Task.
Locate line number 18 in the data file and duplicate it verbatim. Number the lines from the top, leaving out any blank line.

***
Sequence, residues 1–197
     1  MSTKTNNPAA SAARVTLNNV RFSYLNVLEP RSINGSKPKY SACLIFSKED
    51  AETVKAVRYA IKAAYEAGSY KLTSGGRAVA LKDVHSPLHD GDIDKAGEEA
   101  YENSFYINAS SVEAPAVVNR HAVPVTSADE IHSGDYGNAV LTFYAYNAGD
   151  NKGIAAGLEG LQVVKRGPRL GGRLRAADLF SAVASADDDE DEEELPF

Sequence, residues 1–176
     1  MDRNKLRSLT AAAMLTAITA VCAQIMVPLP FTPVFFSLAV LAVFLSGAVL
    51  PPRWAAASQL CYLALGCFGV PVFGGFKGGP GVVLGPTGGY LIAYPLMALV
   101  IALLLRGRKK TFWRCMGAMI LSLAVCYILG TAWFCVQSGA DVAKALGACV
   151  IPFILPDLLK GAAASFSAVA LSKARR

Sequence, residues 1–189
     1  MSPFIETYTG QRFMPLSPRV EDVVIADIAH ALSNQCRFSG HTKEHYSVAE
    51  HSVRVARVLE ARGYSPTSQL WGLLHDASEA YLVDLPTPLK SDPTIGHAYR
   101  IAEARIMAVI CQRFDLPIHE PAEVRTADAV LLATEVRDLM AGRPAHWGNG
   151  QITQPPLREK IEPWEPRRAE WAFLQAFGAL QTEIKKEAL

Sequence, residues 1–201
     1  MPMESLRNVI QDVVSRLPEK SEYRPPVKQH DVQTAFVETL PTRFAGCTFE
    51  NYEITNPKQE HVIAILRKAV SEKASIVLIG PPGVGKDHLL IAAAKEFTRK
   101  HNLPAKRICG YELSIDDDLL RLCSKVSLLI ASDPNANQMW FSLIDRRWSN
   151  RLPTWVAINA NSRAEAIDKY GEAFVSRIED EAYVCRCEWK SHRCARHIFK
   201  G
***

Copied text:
    51  NYEITNPKQE HVIAILRKAV SEKASIVLIG PPGVGKDHLL IAAAKEFTRK